“I was really relieved to go into service when my draft board finally called in January 1945,” Musial said in his book “Stan Musial: The Man’s Own Story.”

Musial had helped the Cardinals win three consecutive National League pennants and two World Series championships during the World War II years 1942 through 1944.

In a January 1945 edition, The Sporting News wrote of Musial, “The Cardinals consider themselves lucky that the young clouter was permitted to remain with the club through three war seasons. Sam Breadon (owner of the Cardinals) was reconciled to losing Musial last winter.”

While receiving his naval training at the Bainbridge facility near the banks of the Susquehanna River, Musial also played for its baseball team.

Though he was a two-time National League all-star, a NL batting champion (.357 in 1943) and a NL Most Valuable Player Award winner (1943), Musial learned two important baseball skills at Bainbridge.

Serious about first

Musial had played all three outfield positions for the Cardinals. At Bainbridge, the athletic officer, Lt. Jerry O’Brien, instructed Musial to play first base.

“I was amused,” said Musial. “O’Brien was not.”

Said O’Brien to Musial: “You’re terrible.”

Stung by the criticism, Musial worked on becoming an adept first baseman. The effort paid off for him and the Cardinals. Musial would play 1,016 games at first base for St. Louis, extending his career and helping the club.

Pull with power

The other skill Musial learned at Bainbridge was how to pull pitches with power.

“Service personnel wanted to see the home run,” said Musial. “So to pull more often, to hit the long ball, I altered my batting stance a bit. I moved up closer to the plate. This proved to be an important step in my evolution as a hitter.”

Before joining the Navy, Musial’s single-season high in home runs for the Cardinals was 13 in 1943. In 1948, he hit a career-high 39 home runs, starting a streak of slugging 20 or more for 10 consecutive seasons.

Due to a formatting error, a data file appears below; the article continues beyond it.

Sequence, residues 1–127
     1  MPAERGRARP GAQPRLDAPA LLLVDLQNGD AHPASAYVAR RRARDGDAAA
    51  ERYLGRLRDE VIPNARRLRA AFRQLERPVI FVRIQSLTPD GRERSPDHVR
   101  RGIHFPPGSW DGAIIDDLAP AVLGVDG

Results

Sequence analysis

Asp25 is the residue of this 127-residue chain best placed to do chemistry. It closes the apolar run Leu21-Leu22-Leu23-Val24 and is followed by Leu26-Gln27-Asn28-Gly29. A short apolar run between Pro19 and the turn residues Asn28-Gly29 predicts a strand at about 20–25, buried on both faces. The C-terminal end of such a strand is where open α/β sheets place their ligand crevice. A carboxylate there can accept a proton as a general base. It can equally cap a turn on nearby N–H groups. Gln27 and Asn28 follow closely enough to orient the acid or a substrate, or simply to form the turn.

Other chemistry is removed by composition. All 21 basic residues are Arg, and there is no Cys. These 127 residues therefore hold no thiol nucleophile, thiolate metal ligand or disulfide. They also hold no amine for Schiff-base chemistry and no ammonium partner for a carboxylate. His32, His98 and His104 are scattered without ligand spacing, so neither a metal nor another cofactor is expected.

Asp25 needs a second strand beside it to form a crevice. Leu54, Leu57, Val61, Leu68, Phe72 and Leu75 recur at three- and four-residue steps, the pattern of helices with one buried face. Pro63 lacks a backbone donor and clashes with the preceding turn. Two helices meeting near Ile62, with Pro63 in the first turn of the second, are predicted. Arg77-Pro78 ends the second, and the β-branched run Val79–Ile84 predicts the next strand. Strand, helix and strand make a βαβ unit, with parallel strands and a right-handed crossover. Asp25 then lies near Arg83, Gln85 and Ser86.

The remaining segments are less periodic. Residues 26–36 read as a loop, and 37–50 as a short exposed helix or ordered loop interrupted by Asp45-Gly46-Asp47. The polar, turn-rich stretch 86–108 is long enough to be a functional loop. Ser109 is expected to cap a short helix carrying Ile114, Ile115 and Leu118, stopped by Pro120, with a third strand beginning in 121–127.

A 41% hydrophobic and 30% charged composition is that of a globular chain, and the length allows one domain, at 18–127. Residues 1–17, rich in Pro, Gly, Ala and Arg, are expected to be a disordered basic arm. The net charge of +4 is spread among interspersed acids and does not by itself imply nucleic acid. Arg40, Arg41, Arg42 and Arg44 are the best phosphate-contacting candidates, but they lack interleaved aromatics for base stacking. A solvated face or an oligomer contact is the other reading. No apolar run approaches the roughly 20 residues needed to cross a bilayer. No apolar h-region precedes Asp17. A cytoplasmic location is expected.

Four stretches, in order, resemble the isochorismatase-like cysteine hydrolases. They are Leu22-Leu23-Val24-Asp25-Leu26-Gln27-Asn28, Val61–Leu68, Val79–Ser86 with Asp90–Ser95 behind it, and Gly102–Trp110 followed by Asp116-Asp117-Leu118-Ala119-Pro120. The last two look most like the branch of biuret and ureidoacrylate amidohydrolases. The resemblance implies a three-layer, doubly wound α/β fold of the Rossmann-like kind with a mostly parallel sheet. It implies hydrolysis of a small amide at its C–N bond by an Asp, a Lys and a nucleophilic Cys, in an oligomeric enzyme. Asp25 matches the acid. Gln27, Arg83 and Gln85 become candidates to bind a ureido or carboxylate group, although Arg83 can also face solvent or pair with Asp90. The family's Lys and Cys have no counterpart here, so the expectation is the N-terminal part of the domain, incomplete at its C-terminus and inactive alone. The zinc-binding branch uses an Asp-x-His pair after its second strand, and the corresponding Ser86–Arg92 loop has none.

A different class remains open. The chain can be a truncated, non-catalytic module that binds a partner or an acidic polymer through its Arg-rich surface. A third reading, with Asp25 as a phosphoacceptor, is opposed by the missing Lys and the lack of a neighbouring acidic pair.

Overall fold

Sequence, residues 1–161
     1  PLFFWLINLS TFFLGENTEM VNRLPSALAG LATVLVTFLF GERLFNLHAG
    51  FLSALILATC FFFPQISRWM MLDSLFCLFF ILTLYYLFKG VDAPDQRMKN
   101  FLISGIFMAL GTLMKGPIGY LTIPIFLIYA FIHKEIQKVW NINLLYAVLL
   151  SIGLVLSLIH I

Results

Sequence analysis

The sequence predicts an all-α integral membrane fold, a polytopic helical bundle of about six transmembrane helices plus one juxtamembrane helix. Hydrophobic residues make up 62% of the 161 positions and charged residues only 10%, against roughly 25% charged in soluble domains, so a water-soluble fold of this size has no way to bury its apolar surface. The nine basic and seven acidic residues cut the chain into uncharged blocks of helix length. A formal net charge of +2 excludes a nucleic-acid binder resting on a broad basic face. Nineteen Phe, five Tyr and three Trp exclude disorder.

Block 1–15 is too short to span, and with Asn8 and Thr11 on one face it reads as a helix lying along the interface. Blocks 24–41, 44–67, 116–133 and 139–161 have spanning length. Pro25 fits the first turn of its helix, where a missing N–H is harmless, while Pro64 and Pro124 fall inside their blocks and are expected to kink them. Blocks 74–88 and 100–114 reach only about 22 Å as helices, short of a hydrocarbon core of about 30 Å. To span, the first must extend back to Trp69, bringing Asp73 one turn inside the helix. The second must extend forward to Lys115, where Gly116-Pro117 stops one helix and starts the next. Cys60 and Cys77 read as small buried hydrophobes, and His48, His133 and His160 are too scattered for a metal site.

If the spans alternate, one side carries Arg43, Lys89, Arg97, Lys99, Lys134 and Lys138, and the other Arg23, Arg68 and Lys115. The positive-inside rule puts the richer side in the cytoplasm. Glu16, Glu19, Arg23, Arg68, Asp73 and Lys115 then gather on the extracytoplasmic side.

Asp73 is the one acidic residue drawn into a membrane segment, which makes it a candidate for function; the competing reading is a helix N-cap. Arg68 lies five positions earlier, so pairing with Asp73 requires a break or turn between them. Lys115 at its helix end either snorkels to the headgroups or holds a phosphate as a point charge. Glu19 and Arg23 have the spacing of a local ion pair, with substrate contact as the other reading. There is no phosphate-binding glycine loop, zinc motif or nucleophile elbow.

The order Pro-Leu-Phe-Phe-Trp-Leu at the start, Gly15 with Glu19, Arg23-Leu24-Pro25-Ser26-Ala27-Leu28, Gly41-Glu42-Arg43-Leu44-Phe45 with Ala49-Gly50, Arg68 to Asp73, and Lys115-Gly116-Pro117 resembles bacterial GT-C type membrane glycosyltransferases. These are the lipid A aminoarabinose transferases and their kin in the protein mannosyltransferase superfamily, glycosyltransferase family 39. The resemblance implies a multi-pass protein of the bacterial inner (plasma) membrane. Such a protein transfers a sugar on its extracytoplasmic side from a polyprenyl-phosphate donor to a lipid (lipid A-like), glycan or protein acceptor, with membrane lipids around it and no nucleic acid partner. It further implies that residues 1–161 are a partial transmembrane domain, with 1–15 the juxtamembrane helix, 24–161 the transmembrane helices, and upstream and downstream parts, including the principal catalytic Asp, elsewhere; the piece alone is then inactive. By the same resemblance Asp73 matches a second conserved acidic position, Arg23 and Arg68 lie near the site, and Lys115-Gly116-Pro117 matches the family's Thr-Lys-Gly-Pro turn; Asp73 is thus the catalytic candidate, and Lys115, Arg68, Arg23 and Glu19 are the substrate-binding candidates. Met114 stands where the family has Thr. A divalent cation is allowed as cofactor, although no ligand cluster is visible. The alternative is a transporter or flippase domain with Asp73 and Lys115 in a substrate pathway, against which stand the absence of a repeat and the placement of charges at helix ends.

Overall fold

Popular with the other Navy recruits at Bainbridge, Musial “autographed the inside of the white sailor caps of many of his fellow boots, by insistent request,” The Sporting News reported.

No Musial, no title

Musial was one of three regulars from the 1944 World Series championship team who went into military service in 1945. Musial and outfielder Danny Litwhiler missed the entire 1945 season. Catcher Walker Cooper missed all but four games.

Johnny Hopp, the Cardinals’ center fielder in 1944, moved to right field to replace Musial in 1945. The Cardinals reacquired Buster Adams from the Phillies to take over for Hopp in center field. Rookie Red Schoendienst, a natural infielder, replaced Litwhiler as the left fielder. Backup Ken O’Dea took over the catching for Cooper.

“I still think the Cards have enough pitching to finish first,” Musial said in April 1945. “That’s the big thing that will win it, the pitching _ and that great boy (Marty) Marion at short.”

Pie Traynor, a Pittsburgh radio commentator after a Hall of Fame playing career for the Pirates, predicted the 1945 Cardinals wouldn’t overcome the loss of Musial. “Few realize the real greatness of Stan,” Traynor said. “He is a natural hustler, he is on the bases continually and he is one of the best base runners in the game.”

The 1945 Cardinals earned 95 wins, but finished in second place, three games behind the Cubs, who won eight of their last 10.

Repair work

Musial completed his training at Bainbridge on April 9, 1945, and, after a stopover in San Francisco, was assigned to the ship repair unit at Pearl Harbor in Hawaii.

“I never did learn how to repair ships,” Musial said.

In the fall of 1945, Musial requested a leave to visit his ailing father in Pennsylvania. He got there after Christmas. At the end of his leave, in January 1946, Musial was assigned to the Philadelphia Navy Yard.

“I was listed among ship repairmen assigned to dismantle a British destroyer,” Musial said. “The day before I was scheduled to work, I walked over to watch men already at work, wearing goggles and heavy gloves and carrying blow torches. I realized that a green pea like me could wind up maiming himself or someone else.”

Musial went to his athletic officer and said, “Sir, I’m a ship repairman who never has repaired a ship. For my sake and the Navy’s, can’t you please have my orders changed?”

The officer agreed. Two months later, in March 1946, Musial was discharged at Bainbridge. After taking a train to Philadelphia, Musial and two colleagues hitchhiked together to their homes in Pennsylvania. After a week at home in Donora, Musial reported to Cardinals spring training camp and played the entire 1946 season, helping them to their third World Series crown in five years.

Previously: No one hit more triples, as many HRs as Stan Musial

Previously: How a B-17 nearly clipped Cardinals in World Series